HONG KONG: Asian and European markets mostly rose on Monday as investors grow hopeful that China and the United States will resolve their trade dispute.
Wall Street ended last week with gains following a report that top officials from the world’s top two economies would hold talks to resolve a crisis that has seen them hit each other with tariffs on billions of dollars worth of goods, with more in the pipeline.
The report in the Wall Street Journal said the talks were aimed at easing the trade dispute before President Donald Trump and Chinese President Xi Jinping hold a summit in November.
The possibility that the months-long row which has battered world markets could be brought to an end was enough to spur optimism on trading floors.
Greg McKenna, chief market strategist at AxiTrader, pointed out that Beijing, which is struggling to support the economy while also addressing a debt mountain, may have had a “lightbulb moment” last week with the release of more weak data and a sharp drop in the troubled yuan.
Authorities in China appeared to be moving to support the yuan last week as it headed towards seven to
Some observers have suggested the central bank has been letting the yuan soften in recent weeks to offset the effects of any US tariffs, a claim China has denied.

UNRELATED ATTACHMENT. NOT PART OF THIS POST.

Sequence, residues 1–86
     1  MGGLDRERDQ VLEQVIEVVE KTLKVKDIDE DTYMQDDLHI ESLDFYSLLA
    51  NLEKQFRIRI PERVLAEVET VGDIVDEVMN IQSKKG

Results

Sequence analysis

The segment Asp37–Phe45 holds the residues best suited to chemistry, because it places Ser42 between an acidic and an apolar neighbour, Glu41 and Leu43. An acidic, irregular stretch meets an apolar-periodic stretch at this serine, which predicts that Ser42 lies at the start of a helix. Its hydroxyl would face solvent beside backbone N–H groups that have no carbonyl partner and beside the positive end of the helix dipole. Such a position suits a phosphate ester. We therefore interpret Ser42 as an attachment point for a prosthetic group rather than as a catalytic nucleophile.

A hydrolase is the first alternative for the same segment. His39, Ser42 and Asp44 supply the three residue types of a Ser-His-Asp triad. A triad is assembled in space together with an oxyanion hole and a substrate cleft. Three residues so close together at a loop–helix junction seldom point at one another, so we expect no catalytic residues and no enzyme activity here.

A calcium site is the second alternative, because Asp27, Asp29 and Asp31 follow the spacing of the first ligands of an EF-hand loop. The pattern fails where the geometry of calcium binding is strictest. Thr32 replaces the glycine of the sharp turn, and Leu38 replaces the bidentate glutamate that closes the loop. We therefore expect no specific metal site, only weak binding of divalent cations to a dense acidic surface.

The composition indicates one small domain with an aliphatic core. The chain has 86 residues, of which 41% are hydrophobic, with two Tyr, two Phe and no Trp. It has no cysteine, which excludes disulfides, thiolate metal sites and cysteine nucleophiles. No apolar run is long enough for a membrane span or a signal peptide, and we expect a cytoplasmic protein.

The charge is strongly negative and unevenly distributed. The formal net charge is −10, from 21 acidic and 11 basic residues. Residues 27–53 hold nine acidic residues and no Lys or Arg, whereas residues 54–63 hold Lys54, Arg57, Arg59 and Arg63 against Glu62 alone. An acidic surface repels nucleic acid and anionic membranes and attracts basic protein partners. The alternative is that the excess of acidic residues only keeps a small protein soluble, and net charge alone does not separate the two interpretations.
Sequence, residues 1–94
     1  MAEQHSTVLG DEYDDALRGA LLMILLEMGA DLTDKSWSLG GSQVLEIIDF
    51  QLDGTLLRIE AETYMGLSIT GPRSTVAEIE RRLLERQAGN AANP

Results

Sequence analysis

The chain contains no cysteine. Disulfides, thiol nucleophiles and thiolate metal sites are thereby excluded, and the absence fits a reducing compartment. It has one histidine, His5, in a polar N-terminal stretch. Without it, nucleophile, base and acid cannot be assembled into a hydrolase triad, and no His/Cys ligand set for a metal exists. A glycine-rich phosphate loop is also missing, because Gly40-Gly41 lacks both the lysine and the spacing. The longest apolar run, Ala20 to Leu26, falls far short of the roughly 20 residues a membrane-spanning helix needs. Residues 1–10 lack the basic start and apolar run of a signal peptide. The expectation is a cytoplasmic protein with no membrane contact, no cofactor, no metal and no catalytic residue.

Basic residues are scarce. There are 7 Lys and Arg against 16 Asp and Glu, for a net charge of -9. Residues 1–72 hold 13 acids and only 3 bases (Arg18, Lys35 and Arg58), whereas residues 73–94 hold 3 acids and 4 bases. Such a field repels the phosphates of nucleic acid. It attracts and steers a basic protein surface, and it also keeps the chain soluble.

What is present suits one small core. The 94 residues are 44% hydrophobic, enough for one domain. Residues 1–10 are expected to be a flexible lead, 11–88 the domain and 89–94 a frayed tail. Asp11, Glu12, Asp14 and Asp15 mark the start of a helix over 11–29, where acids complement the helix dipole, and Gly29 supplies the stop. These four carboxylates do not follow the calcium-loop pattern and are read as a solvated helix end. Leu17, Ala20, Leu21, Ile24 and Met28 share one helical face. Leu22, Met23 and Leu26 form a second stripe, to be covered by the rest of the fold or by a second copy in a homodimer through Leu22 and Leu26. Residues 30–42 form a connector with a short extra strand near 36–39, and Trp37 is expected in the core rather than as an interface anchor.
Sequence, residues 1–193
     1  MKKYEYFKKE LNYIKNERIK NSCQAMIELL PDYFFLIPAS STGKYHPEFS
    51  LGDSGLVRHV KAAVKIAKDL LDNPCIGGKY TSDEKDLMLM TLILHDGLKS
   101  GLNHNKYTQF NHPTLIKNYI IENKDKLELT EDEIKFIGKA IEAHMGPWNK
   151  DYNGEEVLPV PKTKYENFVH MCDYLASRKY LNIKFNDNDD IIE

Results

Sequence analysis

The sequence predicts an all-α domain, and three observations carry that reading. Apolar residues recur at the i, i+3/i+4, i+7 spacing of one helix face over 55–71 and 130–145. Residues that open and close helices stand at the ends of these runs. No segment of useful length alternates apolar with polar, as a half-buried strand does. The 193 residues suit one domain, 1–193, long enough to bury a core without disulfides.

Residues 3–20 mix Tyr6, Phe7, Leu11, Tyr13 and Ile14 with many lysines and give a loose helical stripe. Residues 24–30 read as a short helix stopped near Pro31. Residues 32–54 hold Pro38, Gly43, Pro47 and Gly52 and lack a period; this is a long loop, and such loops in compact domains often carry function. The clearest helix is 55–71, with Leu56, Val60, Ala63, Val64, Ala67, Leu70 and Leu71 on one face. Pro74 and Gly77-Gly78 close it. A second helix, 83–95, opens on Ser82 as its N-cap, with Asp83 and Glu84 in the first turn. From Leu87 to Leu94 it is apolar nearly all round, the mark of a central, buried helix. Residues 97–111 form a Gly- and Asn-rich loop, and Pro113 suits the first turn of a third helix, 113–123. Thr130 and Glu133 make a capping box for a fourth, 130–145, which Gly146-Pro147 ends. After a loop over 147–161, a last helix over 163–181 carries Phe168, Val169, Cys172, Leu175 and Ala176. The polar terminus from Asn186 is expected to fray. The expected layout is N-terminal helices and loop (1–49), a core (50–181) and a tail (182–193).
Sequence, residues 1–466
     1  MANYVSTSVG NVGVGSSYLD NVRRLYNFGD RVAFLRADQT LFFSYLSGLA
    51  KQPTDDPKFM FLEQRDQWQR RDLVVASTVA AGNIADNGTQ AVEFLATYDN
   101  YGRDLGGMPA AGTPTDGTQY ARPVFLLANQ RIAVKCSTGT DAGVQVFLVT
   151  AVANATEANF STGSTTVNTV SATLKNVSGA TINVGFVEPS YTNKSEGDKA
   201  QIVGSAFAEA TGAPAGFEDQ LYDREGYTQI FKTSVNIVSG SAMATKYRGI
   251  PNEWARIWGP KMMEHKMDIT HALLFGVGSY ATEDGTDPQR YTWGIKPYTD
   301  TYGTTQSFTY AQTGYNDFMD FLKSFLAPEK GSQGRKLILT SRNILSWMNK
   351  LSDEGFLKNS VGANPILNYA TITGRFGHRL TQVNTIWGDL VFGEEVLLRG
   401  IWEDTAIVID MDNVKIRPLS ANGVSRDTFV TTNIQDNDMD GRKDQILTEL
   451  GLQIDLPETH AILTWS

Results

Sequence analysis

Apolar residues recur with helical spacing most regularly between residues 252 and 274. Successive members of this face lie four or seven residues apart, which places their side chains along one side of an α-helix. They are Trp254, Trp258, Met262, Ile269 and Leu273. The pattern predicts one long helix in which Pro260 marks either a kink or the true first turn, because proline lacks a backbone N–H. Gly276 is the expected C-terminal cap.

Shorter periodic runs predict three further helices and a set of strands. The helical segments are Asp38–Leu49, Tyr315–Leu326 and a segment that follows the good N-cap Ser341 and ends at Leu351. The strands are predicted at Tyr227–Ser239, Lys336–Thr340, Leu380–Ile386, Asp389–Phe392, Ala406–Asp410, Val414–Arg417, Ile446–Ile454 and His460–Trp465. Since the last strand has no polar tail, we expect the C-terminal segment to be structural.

“President Trump is winning again,” he said. “That’s the takeaway he’s likely to get from news that China’s resolve may be cracking and the trade delegation being sent to Washington is not as low-level as many thought.”
Hong Kong rose 1.3 percent in the afternoon session and Shanghai closed up 1.1 percent, while Sydney and Singapore each climbed 0.1 percent and Seoul ended with marginal gains.
Jakarta soared 1.8 percent, while Wellington and Taipei also posted gains.
Tokyo pared early losses to end 0.3 percent lower.
In early European trade London rose 0.1 percent, Paris added 0.2 percent and Frankfurt gained 0.4 percent.
On currency markets the Turkish lira was hovering above six to the dollar, well off the record levels around seven seen last week but still under pressure after Ankara and Washington traded fresh sanctions threats as the row over a jailed American pastor drags on.
Ratings agency Standard & Poor’s on Friday downgraded Turkey’s sovereign debt for the second time in four months and warned of a recession in 2019.
“The worry over Turkey’s currency crisis eased slightly last week as the lira rebounded against the US dollar. But this isn’t the end of the problem,” said Masayuki Kubota, chief strategist at Rakuten Securities.
Attention now turns to this week’s annual central bankers’ symposium at Jackson Hole in Wyoming, which will be followed for clues on US interest rate plans among other issues.
Key figures around 0720 GMT
Tokyo – Nikkei 225: DOWN 0.3 percent at 22,199.00 (close)
Hong Kong – Hang Seng: UP 1.3 percent at 27,555.32
Shanghai – Composite: UP 1.1 percent at 2,698.47 (close)
London – FTSE 100: UP 0.1 percent at 7,568.89
Dollar/yen: DOWN at 110.55 from 110.57 yen at 2100 GMT Friday
Euro/dollar: DOWN at $1.1423 from $1.1441
Pound/dollar: DOWN at $1.2744 from $1.2749
Dollar/Turkish lira: UP at 6.06 lira from 6.03 lira
Oil – West Texas Intermediate: DOWN four cents at $65.87 per barrel
Oil – Brent Crude: DOWN two cents at $71.81 per barrel
New York – Dow Jones: UP 0.4 percent at 25,669.32 (close)